It's an empowering thing when you start to recognize that you can use the natural, innate wisdom that women have and use that as a way to show up in a more authentic and real way.

What are some best practices for listening to and advocating for women or marginalized groups?

First, it's about creating psychological safety, creating places where people feel safe. That might look something like: before a meeting starts, everyone share your pronouns so that we're not making assumptions about the people in the room. When you do that, people realize that you're infusing the human element into the conversation. It's about setting a culture that's truly inclusive and creating a culture of belonging.

Also important: being timely, honest and bold when you see inequity happening. I'm a big fan of championing things in the moment. Often, there's a meeting that happens after the meeting where you hear people afterward saying, "I felt like we were talked over a lot,” or “my ideas weren't really valued.” That meeting after the meeting doesn't have to happen. Let's give credit where credit is due and make sure that everyone has an equal opportunity to share their ideas, whether it be in a meeting or a bigger project.

How can a leader ensure psychological safety in their organization?

Setting expectations is key: defining what the norms are and what the working agreements are that we want to have. For example, when I hire anyone or anyone joins my team, I always ask them these questions: what is their natural working style? How do they like to receive feedback? How do they like to receive recognition? When they are at their best, what does that look like? I ask how they like to be seen and valued.

You can do that in a small way, on an individual basis, but also in a team environment. If we're not talking about the human side of how we work together, then we're missing the point.


What are you doing to encourage diversity at Adidas?

We focus on three things: education and awareness, talent development and growth, and recruitment practices.

We start with a common language, for instance: “Inclusion in the Workplace” training. It's mandatory for all leaders. We're rolling that out and providing toolkits for leaders to take back to their teams and say, “This is how I'd like to shift how we work together.”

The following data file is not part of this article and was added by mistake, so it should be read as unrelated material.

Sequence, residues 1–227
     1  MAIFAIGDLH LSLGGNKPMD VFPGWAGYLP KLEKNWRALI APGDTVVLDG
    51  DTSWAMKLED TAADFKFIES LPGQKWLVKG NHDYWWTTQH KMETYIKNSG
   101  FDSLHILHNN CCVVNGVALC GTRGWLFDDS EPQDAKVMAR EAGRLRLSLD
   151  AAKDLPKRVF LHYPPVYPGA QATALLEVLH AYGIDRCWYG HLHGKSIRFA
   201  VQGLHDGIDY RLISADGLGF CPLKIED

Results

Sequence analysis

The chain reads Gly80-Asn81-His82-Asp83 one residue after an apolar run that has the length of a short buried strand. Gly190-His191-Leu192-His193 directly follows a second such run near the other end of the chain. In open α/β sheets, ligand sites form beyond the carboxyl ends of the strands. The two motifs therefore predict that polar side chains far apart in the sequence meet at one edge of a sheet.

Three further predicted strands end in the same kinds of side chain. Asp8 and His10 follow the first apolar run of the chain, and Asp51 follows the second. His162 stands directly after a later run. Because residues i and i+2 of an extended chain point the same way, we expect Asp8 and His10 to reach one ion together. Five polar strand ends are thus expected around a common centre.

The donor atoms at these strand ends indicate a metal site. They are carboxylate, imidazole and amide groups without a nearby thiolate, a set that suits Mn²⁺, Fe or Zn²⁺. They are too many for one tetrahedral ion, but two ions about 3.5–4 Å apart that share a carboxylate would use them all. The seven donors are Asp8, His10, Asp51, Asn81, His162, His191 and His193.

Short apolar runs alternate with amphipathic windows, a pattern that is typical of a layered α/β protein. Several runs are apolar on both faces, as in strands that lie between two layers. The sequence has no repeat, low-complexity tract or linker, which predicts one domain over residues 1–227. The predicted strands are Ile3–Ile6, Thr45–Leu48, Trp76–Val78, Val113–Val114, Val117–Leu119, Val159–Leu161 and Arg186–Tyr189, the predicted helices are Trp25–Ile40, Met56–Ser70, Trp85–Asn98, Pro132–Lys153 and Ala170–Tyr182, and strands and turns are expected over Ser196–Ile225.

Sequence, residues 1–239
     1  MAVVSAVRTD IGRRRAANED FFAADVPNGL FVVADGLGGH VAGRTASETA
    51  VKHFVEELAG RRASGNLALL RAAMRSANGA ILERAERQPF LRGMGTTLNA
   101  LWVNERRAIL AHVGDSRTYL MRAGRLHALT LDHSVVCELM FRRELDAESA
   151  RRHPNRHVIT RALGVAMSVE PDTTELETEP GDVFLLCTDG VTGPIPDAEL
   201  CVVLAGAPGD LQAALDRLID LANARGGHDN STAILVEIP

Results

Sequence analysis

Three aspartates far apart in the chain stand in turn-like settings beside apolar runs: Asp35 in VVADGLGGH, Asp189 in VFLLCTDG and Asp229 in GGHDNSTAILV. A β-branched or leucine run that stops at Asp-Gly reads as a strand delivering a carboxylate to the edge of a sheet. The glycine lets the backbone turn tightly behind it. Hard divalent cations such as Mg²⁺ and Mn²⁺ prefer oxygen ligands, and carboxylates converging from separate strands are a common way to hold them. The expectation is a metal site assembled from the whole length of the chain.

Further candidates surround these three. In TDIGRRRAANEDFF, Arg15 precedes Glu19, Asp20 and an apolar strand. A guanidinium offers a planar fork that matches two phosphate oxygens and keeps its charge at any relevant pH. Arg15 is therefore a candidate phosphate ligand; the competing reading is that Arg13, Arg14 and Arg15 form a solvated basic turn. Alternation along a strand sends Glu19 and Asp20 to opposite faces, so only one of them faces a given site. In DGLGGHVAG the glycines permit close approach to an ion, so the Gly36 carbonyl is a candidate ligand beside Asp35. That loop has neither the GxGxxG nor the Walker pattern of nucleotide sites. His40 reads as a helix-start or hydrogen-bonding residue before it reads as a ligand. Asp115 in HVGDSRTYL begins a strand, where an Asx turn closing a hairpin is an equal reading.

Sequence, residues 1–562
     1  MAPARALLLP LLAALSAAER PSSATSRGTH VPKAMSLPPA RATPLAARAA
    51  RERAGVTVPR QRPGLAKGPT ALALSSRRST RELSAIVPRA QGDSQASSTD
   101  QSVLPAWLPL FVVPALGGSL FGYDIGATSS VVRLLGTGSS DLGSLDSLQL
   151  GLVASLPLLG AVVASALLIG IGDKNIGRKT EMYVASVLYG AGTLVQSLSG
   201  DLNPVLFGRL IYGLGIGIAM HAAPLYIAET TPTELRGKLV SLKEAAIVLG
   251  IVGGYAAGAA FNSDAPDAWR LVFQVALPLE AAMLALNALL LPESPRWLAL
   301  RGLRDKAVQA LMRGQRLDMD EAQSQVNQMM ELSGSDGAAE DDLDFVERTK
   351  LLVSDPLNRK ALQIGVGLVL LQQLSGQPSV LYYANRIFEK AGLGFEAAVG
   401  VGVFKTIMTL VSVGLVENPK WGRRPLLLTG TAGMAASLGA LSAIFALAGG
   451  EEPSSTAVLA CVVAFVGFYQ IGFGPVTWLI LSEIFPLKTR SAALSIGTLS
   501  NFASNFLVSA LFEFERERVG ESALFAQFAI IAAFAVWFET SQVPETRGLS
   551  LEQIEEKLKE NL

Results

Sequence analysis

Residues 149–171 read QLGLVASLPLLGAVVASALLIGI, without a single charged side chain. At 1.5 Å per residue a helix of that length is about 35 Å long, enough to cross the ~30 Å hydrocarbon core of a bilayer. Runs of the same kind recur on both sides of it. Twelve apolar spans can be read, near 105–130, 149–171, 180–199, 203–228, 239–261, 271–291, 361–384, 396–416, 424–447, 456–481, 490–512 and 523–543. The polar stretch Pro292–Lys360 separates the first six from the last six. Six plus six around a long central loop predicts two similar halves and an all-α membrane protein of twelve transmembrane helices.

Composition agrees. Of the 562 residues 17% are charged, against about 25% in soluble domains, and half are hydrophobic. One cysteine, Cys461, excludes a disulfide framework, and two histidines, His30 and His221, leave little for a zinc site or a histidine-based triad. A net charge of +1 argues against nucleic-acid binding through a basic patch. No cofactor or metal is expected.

Talent development and growth is around questioning: are we really looking at diversity and inclusion through every development program that we have? We're trying to address it by setting some parameters of what the qualities of a good leader are and looking through the lens of what an inclusive leader does to make a culture of belonging.

Then when they're thinking about growing their team, making sure that they understand what diversity means for them. It could mean more of a gender balance, or maybe they need balance in terms of race and ethnicity or LGBTQ representation. We use data deliberately, to make better decisions and help us look at how we're growing talent within the organization.

Last but not least: recruiting practices. We know that our current employee base doesn't very well represent the consumer base and the world that we are trying to serve. So we are doing work on our outreach strategies, upskilling and training our recruiters and hiring managers, and focusing on what unconscious bias means in the hiring process.

Adidas is actually very diverse, but not as much on the corporate side as in the retail space. So one of the programs that we've built is called Adidas Unlimited, and it’s an opportunity for retail employees to get opportunities to work on the corporate side. We look at this as a new standard of eliminating barriers to entry.

Listen to our previous episode featuring Dr. Carol Langlois on How to Create an Inclusive Work Culture for Empowering Diverse Leadership.